Pomare was convinced that his people would not follow the Tasmanian to extinction; he believed that the destiny of the Maori lay in their absorption by the Pakeha, and that a new race would emerge from the union. In 1906 the census showed that the tide had turned and there was an increase in the Maori population of 4,588. In 1958 the natural increase of the Maori was 37·57 per thousand, as compared with 16·26 per thousand for the non-Maori New Zea-landers. This high natural increase of the Maori is accompanied by a significantly higher birthrate, together with a steadily declining Maori deathrate. The rates for the non-Maori have remained fairly stable. At their present rate of increase the Maoris could comprise 14·7 per cent of the population by the year 2000, as compared with 6·65 per cent in 1959.
This high rate of population increase per thousand of existing population may be transitional as there is a comparatively larger proportion of the Maoris under 21 years of age as compared with 40 per cent of the non-Maoris. For the same reason the death rate, when expressed as a rate per thousand of the population, appears much lower among the Maoris than non-Maoris. There is also a slightly higher proportion of Maori females in the child-bearing ages – 42 per cent, as compared with 39 per cent for non-Maoris. As the Maori population evolves to a more normal distribution of age structure, some fall in the birthrate per thousand of population can be expected, coupled with a rise in the deathrate on the same basis.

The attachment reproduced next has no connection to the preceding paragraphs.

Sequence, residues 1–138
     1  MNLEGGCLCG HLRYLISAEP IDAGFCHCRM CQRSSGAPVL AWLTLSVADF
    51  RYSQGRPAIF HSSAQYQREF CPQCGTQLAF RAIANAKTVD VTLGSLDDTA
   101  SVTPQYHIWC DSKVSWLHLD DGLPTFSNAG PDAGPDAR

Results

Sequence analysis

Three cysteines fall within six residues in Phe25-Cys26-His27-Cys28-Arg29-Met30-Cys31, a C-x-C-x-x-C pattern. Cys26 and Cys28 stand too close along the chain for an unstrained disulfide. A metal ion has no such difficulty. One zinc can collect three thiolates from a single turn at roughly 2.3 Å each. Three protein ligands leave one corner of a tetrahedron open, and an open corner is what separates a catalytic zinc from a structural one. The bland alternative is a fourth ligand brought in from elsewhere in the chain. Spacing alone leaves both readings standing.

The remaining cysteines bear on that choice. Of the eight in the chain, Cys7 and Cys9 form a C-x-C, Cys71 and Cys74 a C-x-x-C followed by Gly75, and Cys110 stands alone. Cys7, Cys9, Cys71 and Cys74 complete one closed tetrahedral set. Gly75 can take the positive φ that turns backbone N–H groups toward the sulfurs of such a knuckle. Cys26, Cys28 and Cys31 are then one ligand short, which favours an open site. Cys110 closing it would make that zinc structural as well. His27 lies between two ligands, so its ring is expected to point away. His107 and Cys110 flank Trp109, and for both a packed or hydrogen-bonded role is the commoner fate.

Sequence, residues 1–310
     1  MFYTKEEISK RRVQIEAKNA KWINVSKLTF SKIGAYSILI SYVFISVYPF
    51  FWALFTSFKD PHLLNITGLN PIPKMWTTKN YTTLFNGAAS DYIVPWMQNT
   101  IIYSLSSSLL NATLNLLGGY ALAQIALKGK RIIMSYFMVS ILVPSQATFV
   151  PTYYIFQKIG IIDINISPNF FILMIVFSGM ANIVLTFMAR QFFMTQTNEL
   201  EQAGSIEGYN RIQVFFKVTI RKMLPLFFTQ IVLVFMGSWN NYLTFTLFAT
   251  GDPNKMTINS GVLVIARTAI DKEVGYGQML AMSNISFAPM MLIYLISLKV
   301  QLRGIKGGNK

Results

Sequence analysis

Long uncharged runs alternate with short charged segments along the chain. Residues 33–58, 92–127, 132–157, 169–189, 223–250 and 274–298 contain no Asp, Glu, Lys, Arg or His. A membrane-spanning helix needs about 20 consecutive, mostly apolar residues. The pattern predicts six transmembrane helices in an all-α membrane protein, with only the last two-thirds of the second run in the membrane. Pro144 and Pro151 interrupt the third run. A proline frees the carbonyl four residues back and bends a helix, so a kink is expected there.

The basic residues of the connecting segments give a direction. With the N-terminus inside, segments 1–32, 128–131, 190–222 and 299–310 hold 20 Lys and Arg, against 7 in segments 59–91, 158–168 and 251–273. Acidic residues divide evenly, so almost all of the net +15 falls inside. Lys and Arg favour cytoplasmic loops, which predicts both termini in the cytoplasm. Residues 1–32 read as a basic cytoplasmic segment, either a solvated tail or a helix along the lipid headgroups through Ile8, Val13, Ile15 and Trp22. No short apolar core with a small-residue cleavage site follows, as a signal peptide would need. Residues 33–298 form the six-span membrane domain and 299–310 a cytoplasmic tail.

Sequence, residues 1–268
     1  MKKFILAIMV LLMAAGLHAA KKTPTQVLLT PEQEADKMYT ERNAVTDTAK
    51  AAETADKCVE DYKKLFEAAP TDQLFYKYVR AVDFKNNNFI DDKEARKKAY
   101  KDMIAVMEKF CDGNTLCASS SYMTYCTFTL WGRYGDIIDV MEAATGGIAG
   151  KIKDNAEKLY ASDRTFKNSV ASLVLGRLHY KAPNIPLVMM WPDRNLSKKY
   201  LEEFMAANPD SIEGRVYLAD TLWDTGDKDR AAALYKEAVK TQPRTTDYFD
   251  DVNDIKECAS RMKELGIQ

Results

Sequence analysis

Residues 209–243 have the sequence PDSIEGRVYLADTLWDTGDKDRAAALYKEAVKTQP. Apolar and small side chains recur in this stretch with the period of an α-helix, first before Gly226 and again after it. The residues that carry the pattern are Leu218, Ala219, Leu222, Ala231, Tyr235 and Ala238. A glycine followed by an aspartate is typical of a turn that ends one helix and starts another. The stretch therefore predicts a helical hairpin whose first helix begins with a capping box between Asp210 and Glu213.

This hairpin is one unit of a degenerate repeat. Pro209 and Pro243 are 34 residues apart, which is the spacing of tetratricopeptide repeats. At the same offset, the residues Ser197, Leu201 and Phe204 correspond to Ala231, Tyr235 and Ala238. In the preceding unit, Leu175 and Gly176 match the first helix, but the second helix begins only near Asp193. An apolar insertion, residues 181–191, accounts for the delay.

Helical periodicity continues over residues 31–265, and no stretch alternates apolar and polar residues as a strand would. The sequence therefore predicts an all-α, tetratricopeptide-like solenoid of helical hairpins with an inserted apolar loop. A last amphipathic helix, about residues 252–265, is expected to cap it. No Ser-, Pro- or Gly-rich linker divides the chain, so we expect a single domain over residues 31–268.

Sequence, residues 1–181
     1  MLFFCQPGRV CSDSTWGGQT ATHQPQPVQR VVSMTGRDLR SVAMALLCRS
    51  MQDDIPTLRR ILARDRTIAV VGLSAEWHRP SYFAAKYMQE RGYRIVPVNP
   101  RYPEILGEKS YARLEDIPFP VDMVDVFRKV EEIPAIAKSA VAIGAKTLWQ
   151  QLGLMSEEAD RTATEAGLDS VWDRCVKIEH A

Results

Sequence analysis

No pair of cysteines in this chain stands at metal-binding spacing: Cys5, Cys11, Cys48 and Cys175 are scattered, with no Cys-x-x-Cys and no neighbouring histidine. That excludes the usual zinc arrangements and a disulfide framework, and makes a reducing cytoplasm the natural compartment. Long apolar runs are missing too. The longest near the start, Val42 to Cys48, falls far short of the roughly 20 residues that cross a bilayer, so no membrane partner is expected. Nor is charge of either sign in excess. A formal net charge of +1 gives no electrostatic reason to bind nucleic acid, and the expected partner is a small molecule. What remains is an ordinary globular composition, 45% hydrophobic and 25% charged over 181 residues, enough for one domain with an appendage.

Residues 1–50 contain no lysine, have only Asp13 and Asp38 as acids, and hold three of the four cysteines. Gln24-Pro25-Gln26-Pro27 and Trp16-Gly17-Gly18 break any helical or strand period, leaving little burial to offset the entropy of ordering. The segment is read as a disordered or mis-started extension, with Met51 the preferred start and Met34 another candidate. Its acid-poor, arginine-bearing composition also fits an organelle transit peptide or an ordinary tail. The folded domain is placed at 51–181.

Although the Maori deathrate is lower than the European, it should be noted that, because of the different age structure in New Zealand of both populations, a comparison of the European-Maori deathrate, based on specific age rates, gives a totally different picture.